ORAL PATHOLOGY : Premalignant Lesions of Oral Cavity


Oral cavity cancer accounts for approximately 3% of all malignancies and is a significant worldwide health problem.

Most oral malignancies occur as squamous cell carcinomas (SCCs); despite remarkable advances in treatment modalities, the 5-year survival rate has not significantly improved over the past several decades and still hovers at about 50-60%.

Many oral SCCs develop from premalignant conditions of the oral cavity. A wide array of conditions have been implicated in the development of oral cancer, including leukoplakia, erythroplakia, palatal lesion of reverse cigar smoking, oral lichen planus, oral submucous fibrosis, discoid lupus erythematosus, and hereditary disorders such as dyskeratosis congenital and epidermolysis bullosa.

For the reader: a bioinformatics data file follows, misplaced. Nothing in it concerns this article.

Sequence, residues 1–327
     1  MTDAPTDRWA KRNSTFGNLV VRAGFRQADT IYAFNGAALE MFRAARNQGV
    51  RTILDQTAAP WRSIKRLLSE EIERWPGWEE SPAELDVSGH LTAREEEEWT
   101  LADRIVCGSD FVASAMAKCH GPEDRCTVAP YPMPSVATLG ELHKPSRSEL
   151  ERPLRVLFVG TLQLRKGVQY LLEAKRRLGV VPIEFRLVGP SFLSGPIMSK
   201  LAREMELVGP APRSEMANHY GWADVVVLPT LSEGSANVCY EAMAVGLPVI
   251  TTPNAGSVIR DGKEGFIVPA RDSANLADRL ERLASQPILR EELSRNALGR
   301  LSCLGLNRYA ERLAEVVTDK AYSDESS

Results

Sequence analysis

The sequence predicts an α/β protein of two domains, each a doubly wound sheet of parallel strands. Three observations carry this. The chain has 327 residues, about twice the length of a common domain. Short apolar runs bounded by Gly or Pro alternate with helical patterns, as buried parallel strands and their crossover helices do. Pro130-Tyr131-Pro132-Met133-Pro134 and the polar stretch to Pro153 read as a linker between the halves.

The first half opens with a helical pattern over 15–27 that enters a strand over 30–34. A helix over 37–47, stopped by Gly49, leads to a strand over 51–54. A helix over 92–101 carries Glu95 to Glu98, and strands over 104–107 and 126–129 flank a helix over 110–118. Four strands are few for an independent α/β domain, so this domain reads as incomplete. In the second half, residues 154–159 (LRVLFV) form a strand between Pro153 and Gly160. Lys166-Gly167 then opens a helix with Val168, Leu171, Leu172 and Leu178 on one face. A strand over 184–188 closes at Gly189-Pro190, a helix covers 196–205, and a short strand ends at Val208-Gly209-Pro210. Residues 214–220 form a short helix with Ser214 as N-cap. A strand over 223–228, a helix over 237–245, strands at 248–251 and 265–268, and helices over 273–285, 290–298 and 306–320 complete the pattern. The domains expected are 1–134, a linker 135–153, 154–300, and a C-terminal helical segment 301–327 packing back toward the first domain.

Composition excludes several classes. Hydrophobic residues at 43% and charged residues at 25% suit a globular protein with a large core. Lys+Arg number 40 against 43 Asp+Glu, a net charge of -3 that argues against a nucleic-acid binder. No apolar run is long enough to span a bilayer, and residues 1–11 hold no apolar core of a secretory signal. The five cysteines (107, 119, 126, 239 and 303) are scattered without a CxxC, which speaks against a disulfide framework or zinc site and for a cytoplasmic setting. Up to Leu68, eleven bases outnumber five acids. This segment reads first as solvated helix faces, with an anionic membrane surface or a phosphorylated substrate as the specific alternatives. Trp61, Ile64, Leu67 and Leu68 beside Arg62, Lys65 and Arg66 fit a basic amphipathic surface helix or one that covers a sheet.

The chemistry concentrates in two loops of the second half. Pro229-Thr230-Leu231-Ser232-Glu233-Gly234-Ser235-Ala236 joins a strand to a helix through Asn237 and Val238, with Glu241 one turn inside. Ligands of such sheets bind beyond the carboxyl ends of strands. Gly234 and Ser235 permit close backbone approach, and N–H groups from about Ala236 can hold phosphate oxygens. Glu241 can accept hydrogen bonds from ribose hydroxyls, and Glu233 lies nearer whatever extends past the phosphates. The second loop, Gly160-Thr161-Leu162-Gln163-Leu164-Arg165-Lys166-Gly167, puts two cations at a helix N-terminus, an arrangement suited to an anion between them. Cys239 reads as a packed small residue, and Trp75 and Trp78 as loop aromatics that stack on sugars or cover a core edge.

Despite the general accessibility of the oral cavity during physical examination, many malignancies are not diagnosed until late stages of disease.

In order to prevent malignant transformation of these precursor lesions, multiple screening and detection techniques have been developed to address this problem.

Read also: ORAL PATHOLOGY : Pemphigus Vulgaris Diagnosis



Fuente: Youtube / Medical World



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